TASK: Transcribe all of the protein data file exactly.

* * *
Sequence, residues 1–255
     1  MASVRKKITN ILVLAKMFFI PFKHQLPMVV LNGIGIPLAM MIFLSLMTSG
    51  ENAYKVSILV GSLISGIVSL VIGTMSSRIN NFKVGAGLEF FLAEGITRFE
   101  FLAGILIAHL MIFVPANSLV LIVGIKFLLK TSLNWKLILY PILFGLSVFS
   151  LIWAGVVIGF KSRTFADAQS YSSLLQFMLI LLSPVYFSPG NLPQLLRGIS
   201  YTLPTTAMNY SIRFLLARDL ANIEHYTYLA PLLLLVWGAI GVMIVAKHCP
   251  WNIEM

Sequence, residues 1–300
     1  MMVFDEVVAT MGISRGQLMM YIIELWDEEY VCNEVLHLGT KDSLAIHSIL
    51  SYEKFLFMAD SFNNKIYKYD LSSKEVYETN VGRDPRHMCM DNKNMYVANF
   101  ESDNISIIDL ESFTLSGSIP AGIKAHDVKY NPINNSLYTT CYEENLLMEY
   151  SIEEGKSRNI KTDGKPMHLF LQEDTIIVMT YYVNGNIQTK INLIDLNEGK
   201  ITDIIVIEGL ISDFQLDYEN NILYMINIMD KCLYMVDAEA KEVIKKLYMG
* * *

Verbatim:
Sequence, residues 1–255
     1  MASVRKKITN ILVLAKMFFI PFKHQLPMVV LNGIGIPLAM MIFLSLMTSG
    51  ENAYKVSILV GSLISGIVSL VIGTMSSRIN NFKVGAGLEF FLAEGITRFE
   101  FLAGILIAHL MIFVPANSLV LIVGIKFLLK TSLNWKLILY PILFGLSVFS
   151  LIWAGVVIGF KSRTFADAQS YSSLLQFMLI LLSPVYFSPG NLPQLLRGIS
   201  YTLPTTAMNY SIRFLLARDL ANIEHYTYLA PLLLLVWGAI GVMIVAKHCP
   251  WNIEM

Sequence, residues 1–300
     1  MMVFDEVVAT MGISRGQLMM YIIELWDEEY VCNEVLHLGT KDSLAIHSIL
    51  SYEKFLFMAD SFNNKIYKYD LSSKEVYETN VGRDPRHMCM DNKNMYVANF
   101  ESDNISIIDL ESFTLSGSIP AGIKAHDVKY NPINNSLYTT CYEENLLMEY
   151  SIEEGKSRNI KTDGKPMHLF LQEDTIIVMT YYVNGNIQTK INLIDLNEGK
   201  ITDIIVIEGL ISDFQLDYEN NILYMINIMD KCLYMVDAEA KEVIKKLYMG